Fertility problems are nobody’s fault. Infertility is a medical condition affecting almost one in ten couples trying to conceive. Male fertility problems are the primary diagnosis in approximately 25 % of cases and contribute to a further 15-25% of the remaining cases. In men, the most common fertility issue is the inadequate production of sufficient normal, motile (moving) sperm.
Although there are several causes of male infertility, in the vast majority of cases a precise diagnosis is elusive. Due, in part to this lack of clarity in diagnosis, treatment of male infertility in the large majority of cases remains empirical. It is therefore no wonder that the mainstay of treating severe male infertility still remains assisted reproduction and specifically Intracytoplasmic sperm injection (ICSI).
• Mumps: Contracting mumps after puberty may damage sperm producing cells in the testicles. Some men suffer permanent sterility.
• Varicocele: Varicocele is said to occur when veins which drain blood from the testicles become swollen and engorged. this leads to blood not circulating out of the testicles properly. The increase in blood leads to a rise in the temperature in the testicles. This can hinder the production of sperm.
It has to be pointed out that although the theory of diagnosing and treating varicocele sounds logical, treating varicocele does not always result in improvement in the sperm count or quality. It is estimated that even after satisfactory treatment of varicocele significant improvements in the count occur only in approximately a fourth of all patients who undergo surgery!
• Undescended testicles: As a male fetus develops in the uterus, his testicles typically form inside his abdomen and descend into the scrotum shortly before birth. When the move doesn't take place, the baby is born with a condition known as cryptorchidism. Usually the testicles descend themselves by the sixth month of life. Untreated, undescended testicles may affect fertility or lead to other medical problems.
• Testicular cancer: Rarely Testicular cancer is sometimes diagnosed when a couple is experiencing difficulties conceiving. A malignant tumour that develops in the testicle may destroy testicular tissue. If not detected early enough it may also spread to other parts of the body.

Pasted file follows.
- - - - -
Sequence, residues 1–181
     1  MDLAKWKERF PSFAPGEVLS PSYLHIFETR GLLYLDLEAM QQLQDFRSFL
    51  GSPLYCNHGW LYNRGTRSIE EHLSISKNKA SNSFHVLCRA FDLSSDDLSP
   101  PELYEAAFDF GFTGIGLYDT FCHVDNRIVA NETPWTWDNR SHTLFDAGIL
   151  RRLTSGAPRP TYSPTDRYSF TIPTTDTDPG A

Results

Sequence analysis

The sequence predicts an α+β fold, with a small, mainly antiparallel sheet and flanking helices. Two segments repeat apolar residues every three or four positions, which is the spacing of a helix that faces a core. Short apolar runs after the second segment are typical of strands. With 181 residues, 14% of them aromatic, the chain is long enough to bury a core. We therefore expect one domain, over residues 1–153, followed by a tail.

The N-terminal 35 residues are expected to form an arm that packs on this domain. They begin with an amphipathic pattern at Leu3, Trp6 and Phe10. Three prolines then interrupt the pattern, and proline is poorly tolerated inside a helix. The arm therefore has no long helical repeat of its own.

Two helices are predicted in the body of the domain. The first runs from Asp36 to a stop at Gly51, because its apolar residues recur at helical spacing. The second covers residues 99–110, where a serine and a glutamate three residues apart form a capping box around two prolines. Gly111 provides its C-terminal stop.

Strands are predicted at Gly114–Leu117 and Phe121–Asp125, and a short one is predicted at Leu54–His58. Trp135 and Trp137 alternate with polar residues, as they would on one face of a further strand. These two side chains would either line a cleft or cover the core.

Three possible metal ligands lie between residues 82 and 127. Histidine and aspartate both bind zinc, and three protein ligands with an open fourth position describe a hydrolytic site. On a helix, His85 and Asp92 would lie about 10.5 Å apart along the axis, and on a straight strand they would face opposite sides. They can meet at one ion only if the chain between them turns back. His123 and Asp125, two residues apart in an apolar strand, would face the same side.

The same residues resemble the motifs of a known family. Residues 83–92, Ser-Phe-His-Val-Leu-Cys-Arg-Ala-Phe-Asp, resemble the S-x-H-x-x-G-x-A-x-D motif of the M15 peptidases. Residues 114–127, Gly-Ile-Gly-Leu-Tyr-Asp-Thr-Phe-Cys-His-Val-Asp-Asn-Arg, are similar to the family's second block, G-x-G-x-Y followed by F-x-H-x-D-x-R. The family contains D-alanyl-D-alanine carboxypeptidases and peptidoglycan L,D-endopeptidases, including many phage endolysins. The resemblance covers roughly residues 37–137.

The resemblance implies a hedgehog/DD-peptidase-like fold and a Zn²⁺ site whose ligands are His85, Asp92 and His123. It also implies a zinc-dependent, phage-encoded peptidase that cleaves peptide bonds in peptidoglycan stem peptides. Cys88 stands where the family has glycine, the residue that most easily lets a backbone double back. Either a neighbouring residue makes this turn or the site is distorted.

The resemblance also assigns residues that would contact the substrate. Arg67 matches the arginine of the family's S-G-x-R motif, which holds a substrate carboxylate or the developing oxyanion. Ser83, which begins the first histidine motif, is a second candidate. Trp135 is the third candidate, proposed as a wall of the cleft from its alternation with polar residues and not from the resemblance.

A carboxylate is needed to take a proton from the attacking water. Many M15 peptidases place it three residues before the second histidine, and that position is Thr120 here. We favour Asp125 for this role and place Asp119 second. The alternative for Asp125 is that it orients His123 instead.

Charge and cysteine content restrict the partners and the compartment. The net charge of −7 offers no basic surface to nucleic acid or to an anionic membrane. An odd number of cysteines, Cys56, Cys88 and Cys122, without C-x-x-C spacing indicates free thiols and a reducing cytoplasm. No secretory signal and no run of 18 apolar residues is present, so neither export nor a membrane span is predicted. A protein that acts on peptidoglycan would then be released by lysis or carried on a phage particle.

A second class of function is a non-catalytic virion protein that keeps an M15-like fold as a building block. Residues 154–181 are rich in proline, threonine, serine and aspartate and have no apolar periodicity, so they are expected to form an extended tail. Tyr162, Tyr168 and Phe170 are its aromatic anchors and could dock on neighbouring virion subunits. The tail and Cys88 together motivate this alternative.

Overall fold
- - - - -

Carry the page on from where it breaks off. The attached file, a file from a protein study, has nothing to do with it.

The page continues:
• Diabetes: Diabetes has been found to have an effect on the quality of sperm.
• Surgery or injury: Serious trauma to the testicles can affect the production of sperm and possibility lead to sterility. Damage from sport or by accident can rupture vessels that supply blood to the testicles. Additionally, surgery to correct an undescended testicle or repair a hernia may lead to damage of a man’s sperm producing capabilities.
• Physical abnormalities: In a small number of men, the fluid deposited in the vagina during intercourse may not contain sperm. This may be due to a blockage or malformation of the urethra vas deferens or epidydimis, which prevents the sperm from combining with other fluids to create semen.
• Prolonged and consistent exposure to high temperatures: Heat can have a detrimental effect on normal sperm production. typically persons who work in high temperature environments like furnace workers or boiler room personnel are affected.
• Too much stress, fatigue or alcohol: overwork, anxiety and too many alcoholic drinks have a negative effect on libido. Until recently, most cases of impotence were thought to be psychological But there is increasing evidence to show that this is not always the case. New oral medication offers widespread success.
It is very important that a couple who are not being able to conceive a baby go to a doctor and get a thorough check up done. Only with understanding will the practitioner be able to take care of your situation. It is very important to get the situation under control.
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